LONDON (Reuters) - Britain is likely to leave the European Union police agency Europol after Brexit and could “take our information” away if no future security deal is struck with the bloc, interior minister Amber Rudd said on Wednesday.
Hours after Prime Minister Theresa May formally kicked off Britain’s divorce from the EU beginning two years of negotiations with the bloc, Rudd warned a failure to reach an agreement over security would weaken cooperation in the fight against crime and terrorism.
However, she said a deal was in both sides’ interest and security was not an issue that was going “to be traded”.
Rudd did admit that it was likely that Britain would no longer be a member of Europol but said it was Britain’s intent to strike agreements which would provide the same security benefits both sides currently enjoyed.
“What we need to do is have a relationship with Europol that allows us equal access,” she told Sky News. “We need to have an agreement with Europol to make sure that we continue to contribute and we continue to take out.”
Britain is one of the top three users of Europol data while European nations also benefit from the information the UK brings from its long-standing “Five Eyes” intelligence sharing pact with the United States, Canada, Australia and New Zealand.
“We are the largest contributor to Europol, so if we left Europol ... then we would take our information - this is in the legislation - with us,” Rudd said.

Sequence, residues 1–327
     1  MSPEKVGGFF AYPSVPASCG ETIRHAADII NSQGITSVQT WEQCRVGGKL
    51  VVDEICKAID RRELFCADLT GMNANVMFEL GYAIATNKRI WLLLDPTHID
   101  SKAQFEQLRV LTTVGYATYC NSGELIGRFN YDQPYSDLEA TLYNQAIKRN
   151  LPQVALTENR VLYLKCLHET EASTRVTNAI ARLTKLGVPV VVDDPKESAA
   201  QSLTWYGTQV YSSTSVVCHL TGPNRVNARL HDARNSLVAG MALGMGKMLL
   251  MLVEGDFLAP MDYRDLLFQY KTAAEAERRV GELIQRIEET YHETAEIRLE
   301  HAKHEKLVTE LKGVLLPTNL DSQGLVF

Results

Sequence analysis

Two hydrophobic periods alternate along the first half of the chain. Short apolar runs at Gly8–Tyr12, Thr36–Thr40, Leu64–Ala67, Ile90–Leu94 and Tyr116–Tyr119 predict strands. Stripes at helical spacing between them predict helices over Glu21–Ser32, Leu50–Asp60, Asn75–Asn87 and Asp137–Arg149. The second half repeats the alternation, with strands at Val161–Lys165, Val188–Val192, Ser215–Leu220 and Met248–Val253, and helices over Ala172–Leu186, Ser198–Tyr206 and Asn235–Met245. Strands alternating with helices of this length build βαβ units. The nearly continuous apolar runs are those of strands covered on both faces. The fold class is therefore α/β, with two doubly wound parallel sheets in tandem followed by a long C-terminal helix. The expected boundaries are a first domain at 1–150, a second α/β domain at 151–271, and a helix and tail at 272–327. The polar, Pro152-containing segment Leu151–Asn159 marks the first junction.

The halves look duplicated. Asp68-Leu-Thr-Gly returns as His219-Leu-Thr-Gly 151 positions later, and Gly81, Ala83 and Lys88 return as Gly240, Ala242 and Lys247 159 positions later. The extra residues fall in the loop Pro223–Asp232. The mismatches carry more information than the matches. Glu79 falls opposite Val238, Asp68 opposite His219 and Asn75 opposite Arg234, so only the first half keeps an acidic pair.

“The fact is the European partners want us to keep our information in there, because we keep other European countries safe as well. This isn’t a huge contentious issue.”
UK security officials and police chiefs have previously warned of the dangers of leaving Europol and the agreement covering the European Arrest Warrant, which requires all EU governments to arrest a suspect wanted in another EU country.
“In bluntest form, we must be able to continue to exchange intelligence and we must be able to understand the movement of criminals and criminal behaviour across international borders,” Lynne Owens, Director General of Britain’s National Crime Agency said last September.
Claude Moraes, a Briton who chairs the European Parliament’s Liberty, Justice and Home Affairs Committee, said it was important that the issue of security cooperation was taken more seriously than it had been.
“The problem is that security lies very awkwardly in the negotiations. It’s not an easy bargaining chip,” he told Reuters.
Reporting by Michael Holden and Alistair Smout in London and Alissa de Carbonnel in Brussels; editing by Stephen Addison